This morning I woke up at 6:15am so that I could be at RIT by 7:15, and in my robes ready to line up for our college's commencement ceremonies at 7:30. Even after nearly ten years of doing this, I still love marching into the field house with pomp and circumstance playing, watching the parents and grandparents and spouses and partners and children craning their necks for a view of the processional, snapping photographs and clapping. And my favorite part of the school year is when our undergraduate students walk across the stage as their name is called. As they come down the steps, there are always a group of faculty waiting to shake their hands, and I'm always part of that group. I love watching the faces of these young men and women, many of whom I taught during their first quarter of freshman year, as they grapple with the realization that they're really, truly, graduating. More than one of them gets a hug from me rather than a handshake.

After the ceremony, our department hosts a brunch for the students and their families. It's hard to explain how much it means to me when a student pulls his or her parents over to meet me, telling them "This is Professor Lawley! Remember me telling you about her?" When I met Erhardt's mother today, however, I got something new...she told me she reads my blog. (Hi, Mrs. Graeff!)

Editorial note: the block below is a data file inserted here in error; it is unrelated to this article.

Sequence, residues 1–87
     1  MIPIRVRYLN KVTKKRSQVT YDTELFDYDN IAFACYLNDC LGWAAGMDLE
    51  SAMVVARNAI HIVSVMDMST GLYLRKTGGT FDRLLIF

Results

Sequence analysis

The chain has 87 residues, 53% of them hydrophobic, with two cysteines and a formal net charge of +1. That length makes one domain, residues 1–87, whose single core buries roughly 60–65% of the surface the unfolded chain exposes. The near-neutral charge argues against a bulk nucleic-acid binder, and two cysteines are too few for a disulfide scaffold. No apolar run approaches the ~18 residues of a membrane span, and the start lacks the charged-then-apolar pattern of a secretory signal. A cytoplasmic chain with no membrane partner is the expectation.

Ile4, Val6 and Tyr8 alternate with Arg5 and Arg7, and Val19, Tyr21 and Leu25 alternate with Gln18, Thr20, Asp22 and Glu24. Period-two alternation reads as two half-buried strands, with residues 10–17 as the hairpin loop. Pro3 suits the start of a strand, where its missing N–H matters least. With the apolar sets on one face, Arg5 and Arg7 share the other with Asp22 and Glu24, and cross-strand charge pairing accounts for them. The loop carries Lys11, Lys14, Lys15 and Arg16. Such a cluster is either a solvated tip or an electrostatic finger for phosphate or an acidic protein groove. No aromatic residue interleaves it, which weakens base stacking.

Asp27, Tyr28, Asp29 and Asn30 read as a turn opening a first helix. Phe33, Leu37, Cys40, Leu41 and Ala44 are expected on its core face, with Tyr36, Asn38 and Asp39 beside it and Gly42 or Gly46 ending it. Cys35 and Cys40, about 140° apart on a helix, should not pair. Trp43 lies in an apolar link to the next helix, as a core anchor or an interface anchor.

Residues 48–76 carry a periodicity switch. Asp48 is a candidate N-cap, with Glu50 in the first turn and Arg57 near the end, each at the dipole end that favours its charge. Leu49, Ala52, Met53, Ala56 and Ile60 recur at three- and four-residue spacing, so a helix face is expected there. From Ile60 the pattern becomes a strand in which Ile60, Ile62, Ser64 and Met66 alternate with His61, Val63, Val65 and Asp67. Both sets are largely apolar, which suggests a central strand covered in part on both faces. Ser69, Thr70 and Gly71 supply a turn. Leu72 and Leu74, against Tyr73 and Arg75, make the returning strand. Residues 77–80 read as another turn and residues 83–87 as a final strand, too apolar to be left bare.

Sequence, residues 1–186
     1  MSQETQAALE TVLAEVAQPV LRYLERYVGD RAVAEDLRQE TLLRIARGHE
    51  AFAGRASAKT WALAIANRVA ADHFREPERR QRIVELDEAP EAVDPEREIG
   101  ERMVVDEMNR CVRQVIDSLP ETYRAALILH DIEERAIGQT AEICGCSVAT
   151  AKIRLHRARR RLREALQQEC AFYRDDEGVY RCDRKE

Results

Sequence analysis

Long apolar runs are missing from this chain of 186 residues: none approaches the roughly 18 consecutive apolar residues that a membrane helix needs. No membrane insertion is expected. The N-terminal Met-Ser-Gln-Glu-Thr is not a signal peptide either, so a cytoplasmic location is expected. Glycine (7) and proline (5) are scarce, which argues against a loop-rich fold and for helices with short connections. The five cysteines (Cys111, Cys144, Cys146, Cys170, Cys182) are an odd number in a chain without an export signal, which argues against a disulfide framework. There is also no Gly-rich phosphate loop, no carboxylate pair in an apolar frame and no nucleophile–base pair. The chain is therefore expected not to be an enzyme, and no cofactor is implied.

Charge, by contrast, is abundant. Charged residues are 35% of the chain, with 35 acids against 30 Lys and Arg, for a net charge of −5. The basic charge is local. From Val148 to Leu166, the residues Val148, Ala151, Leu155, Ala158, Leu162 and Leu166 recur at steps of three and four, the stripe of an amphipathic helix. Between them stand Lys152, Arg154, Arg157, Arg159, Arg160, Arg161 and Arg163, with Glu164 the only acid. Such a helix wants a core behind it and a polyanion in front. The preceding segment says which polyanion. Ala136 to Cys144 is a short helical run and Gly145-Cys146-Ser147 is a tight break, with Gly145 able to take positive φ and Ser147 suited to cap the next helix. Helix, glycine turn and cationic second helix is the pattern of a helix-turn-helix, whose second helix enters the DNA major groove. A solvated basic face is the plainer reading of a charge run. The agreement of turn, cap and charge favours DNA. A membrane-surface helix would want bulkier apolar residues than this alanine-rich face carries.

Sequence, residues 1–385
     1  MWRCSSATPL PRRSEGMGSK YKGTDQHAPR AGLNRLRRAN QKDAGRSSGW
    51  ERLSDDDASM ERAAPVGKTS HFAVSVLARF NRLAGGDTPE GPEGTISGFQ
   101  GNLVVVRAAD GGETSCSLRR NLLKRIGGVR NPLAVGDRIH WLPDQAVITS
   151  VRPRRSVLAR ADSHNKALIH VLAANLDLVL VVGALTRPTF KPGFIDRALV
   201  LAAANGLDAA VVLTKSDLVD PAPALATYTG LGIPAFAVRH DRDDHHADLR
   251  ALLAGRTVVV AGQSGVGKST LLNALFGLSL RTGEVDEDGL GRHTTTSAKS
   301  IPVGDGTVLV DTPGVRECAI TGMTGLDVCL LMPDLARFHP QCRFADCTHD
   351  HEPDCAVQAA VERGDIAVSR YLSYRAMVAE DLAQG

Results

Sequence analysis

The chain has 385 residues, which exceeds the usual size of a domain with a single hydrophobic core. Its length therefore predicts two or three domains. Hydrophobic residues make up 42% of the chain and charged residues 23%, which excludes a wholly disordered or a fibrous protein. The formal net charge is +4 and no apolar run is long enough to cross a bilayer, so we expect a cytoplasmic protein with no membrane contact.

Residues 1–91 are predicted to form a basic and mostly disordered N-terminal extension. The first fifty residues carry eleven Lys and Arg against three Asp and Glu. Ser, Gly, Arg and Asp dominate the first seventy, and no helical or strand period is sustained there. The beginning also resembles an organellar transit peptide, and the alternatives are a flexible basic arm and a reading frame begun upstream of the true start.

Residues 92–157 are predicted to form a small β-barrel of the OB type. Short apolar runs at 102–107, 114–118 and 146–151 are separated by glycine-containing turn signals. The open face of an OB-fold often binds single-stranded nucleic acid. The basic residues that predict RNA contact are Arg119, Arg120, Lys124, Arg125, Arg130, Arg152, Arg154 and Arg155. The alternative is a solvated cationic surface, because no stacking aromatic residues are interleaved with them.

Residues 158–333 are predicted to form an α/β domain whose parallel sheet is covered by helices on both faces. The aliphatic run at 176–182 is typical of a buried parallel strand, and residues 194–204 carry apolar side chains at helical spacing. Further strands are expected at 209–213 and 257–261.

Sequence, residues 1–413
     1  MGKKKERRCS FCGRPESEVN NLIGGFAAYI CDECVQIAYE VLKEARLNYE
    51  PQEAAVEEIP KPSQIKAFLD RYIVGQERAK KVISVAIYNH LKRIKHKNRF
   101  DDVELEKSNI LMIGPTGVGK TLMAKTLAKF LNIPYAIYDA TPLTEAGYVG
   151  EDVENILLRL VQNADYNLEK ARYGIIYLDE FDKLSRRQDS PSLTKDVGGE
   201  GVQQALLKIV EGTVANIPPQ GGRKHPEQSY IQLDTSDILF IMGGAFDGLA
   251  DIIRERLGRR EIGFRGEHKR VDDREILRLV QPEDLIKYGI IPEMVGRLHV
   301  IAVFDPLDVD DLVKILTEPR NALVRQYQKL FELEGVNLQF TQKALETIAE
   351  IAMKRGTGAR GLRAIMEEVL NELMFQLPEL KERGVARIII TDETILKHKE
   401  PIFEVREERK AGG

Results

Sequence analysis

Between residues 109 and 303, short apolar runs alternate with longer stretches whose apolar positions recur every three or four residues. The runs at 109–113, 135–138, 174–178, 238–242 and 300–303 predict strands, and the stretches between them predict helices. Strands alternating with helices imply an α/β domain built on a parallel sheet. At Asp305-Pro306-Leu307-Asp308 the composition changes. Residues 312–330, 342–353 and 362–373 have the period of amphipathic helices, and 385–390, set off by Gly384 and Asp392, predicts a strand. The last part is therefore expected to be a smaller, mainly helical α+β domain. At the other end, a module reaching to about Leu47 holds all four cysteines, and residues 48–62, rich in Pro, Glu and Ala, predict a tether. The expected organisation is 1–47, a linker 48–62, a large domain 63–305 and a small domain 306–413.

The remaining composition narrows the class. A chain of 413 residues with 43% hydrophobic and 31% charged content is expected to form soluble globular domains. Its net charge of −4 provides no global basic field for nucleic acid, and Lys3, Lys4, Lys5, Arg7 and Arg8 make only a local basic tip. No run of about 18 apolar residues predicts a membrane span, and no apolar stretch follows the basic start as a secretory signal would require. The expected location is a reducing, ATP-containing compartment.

I nearly cried a couple of times today. One of those times was meeting the family of Katie Giebel, a delightful young woman who took my introductory web/multimedia class the fall of her first year at RIT. She came close to leaving IT, but stayed after I (and others) convinced her that it was only a short term rough spot she'd run into. When she was invited into the RIT honors program, she told me she was worried she couldn't handle that and her ROTC responsibilities, and wanted to decline. I helped convince her to give it a shot, and she didn't just survive--she thrived. Katie graduated with honors today, and the Navy is sending her to Monterey to pursue a master's degree. (I'm wiping away a little tear right now, just typing all that.)